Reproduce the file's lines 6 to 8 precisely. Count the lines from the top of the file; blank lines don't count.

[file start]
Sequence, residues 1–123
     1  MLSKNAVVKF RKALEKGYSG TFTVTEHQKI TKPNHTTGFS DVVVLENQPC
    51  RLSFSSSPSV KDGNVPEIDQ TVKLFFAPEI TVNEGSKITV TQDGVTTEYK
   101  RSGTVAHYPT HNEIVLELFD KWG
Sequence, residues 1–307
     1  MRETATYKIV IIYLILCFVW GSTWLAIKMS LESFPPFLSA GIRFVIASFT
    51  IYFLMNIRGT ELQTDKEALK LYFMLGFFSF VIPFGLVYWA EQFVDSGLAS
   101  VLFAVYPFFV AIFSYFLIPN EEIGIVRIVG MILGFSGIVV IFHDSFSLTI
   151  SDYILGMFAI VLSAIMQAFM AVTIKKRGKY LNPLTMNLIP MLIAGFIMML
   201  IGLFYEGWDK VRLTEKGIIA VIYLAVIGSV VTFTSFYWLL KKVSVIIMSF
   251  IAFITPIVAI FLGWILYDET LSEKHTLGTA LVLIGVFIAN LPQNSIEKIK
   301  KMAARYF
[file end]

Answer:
     1  MRETATYKIV IIYLILCFVW GSTWLAIKMS LESFPPFLSA GIRFVIASFT
    51  IYFLMNIRGT ELQTDKEALK LYFMLGFFSF VIPFGLVYWA EQFVDSGLAS
   101  VLFAVYPFFV AIFSYFLIPN EEIGIVRIVG MILGFSGIVV IFHDSFSLTI